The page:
expert opinion

Folic Acid and the Risk of Lung Cancer – A Response to a Scientific Publication

November 30, 2009


Prof. Dr. med. vet. K. Pietrzik, Institute for Nutrition and Food Sciences Dept. of Nutritional Pathophysiology, Rheinische Friedrich-Wilhelms-University Bonn, Germany


“The publication under discussion (1) involves the combined evaluation of 2 placebo-controlled, double-blind, randomized clinical studies (RCTs): NORVIT, Norwegian Vitamin Trial (2), and Western Norway B Vitamin Intervention Trial (3). Both studies had the objective of lowering the homocysteine level in patients with existing cardiovascular diseases so as to consequently lower the risk of cardiovascular diseases. Different vitamin combinations were used for this in each multi-section study (vitamin B9 0.8 mg/day plus vitamin B12 0.4 mg/day, plus 40 mg vitamin B6 /day, and folic acid together with B12 or Vitamin B6 alone).

The NORVIT study attracted major media attention immediately after the initial presentation of the results during the cardiology congress on September 6, 2005 in Stockholm, when it was reported that in each of the vitamin B9 (folic acid) groups (on the one hand with B12 and B6, on the other with B12 alone) 33 cancer cases rose while only 25 cases were observed in the placebo group (vitamin B6 section 22 cases). Although the differences were not statistically significant (p=0.08) they attracted media attention when they were given as 40%. Since then all corresponding studies have been examining whether a similar connection can be found.

When the final results of the NORVIT study were then published (2) the following year after careful evaluation (including histological investigation), the media interest was comparatively slight since there was no further mention of an increased cancer risk. The publication makes it clear that 40 and 39 cancer cases (with and without vitamin B6) were diagnosed in the folic acid sections, while the placebo group also had 40 cases, so that there was no higher rate.

Because of the previous negative reporting on the NORVIT study, the WENBIT study was then discontinued and the participants were collated without further treatment as part of a follow-up observation (using the Norwegian register of deaths and the causes of death noted in it) of the frequency of cancer cases in the individual treatment groups. A comparable follow-up investigation was also undertaken with the participants of the NORVIT study.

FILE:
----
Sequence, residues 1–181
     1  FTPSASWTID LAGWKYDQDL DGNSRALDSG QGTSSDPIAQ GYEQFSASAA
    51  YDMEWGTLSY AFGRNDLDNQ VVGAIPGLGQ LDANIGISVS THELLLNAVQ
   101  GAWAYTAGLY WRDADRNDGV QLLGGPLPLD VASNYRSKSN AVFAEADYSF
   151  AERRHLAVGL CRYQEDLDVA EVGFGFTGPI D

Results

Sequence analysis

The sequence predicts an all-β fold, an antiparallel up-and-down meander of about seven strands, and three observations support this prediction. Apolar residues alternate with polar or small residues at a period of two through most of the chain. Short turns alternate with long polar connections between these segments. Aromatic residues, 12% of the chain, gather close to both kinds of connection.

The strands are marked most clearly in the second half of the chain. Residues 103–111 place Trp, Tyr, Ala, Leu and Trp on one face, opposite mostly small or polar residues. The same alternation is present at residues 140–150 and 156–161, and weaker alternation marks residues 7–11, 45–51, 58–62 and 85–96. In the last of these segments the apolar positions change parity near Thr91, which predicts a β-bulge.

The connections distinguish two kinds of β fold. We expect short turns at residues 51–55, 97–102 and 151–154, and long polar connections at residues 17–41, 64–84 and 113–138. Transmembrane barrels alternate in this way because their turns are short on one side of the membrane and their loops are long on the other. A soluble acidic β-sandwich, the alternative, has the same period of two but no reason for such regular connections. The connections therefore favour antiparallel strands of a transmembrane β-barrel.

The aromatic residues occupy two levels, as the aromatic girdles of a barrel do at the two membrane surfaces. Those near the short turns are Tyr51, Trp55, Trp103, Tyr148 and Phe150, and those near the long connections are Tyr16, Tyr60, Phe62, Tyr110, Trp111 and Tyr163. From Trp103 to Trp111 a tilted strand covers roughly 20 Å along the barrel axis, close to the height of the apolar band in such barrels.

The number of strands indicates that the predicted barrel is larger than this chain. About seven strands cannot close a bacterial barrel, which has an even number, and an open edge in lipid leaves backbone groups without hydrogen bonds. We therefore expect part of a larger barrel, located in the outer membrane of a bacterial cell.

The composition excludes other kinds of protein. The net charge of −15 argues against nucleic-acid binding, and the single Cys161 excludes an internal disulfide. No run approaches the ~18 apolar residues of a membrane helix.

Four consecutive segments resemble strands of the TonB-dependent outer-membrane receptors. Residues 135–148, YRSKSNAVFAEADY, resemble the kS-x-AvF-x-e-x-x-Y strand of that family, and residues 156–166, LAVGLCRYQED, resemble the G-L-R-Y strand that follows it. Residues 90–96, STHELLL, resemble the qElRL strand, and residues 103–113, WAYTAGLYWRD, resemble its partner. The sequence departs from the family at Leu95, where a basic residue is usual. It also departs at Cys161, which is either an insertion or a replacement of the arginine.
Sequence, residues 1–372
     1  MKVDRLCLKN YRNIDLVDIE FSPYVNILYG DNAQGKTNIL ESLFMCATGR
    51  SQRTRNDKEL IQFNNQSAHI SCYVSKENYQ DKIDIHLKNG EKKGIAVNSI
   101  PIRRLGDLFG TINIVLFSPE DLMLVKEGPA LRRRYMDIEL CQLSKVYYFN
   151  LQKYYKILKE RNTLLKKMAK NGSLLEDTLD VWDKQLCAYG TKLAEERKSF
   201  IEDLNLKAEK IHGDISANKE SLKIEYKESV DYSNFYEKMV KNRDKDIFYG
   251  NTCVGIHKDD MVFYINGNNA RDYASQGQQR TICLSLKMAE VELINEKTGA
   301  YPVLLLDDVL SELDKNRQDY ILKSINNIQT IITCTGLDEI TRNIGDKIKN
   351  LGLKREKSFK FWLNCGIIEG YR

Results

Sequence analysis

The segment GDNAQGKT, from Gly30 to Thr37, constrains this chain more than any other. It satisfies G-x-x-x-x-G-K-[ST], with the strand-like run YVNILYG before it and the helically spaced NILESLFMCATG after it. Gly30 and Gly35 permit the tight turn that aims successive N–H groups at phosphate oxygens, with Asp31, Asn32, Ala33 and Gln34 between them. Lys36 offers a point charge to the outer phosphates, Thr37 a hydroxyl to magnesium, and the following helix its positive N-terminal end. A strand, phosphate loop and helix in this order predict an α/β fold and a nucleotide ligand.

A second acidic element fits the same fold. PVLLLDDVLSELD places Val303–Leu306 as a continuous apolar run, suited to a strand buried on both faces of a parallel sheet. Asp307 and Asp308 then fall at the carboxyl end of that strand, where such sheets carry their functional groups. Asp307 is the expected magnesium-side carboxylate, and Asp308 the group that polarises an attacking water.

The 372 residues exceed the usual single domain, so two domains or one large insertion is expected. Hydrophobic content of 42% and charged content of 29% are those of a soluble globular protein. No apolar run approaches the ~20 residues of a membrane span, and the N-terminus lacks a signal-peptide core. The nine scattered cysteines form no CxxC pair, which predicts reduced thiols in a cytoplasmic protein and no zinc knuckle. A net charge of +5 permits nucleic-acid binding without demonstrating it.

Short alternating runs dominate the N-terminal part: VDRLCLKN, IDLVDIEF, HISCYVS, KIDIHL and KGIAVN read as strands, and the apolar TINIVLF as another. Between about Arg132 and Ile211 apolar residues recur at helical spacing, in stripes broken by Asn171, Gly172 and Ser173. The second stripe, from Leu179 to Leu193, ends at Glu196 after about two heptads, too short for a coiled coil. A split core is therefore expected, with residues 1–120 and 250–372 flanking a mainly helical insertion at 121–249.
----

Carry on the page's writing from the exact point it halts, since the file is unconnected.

The results now produced with the combined evaluation suggest the conclusion that administration of folic acid has significantly raised the cancer risk in particular for lung cancer. After an average of 39 months of treatment and an additionally observed 30-month follow-up period after the study, cancer was diagnosed (HR 1.21; 95% CI, 1.03-1.41; p=.02) in 341 participants (10%) who received folic acid plus vitamin B12, as opposed to 288 participants (8.4%) who were not given treatment. A total of 136 (4%) of those who received folic acid plus vitamin B12 died of cancer as opposed to 100 (2.9%) of those untreated (HR, 1.38; 95% CI, 1.07-1.79; p=.01). A total of 548 patients (16.1%) who received folic acid plus vitamin B12 died from other causes as opposed to 473 (13.8%) of those untreated (HR, 1.18; 95% CI, 1.04-1.33; p=0.1).The results were due mainly to an increase in the incidence of lung cancer in the treatment group. B6 treatment was not significantly associated with any effects.

A critical examination of the data makes it clear that a moderate improvement in folate status due to the study was evidently associated with a reduction in cancer risk, since the authors find the lowest cancer risk in the study participants whose serum folate (and vitamin B12) values lie in the 2nd quarter (serum folate values between 3.81 and 10.56µg/ml, serum B12 values between 456.4 and 595.9 pg/ml).They therefore take this 2nd quarter as reference for the assessment of the risk increase in the 4th quarter. Not mentioned is whether the study participants differ significantly in the lowest quarter (lowest folate status) from those in the 2nd quarter in relation to cancer frequency. Likewise unreported is whether significant results also arise in a comparison between the 1st and 4th quarter. Should this not be the case (which is to be assumed on the basis of the evaluation carried out), the treatment would accordingly also show no statistical effect, i.e. the improvement in the 2nd quarter would be compensated for by the deterioration in the 4th quarter. The considerations presented here do not exclude the possibility that administration of high doses of folic acid (and vitamin B12) is nevertheless followed by an increased cancer risk; however targeted investigations are required for this which permits a monocausal attribution.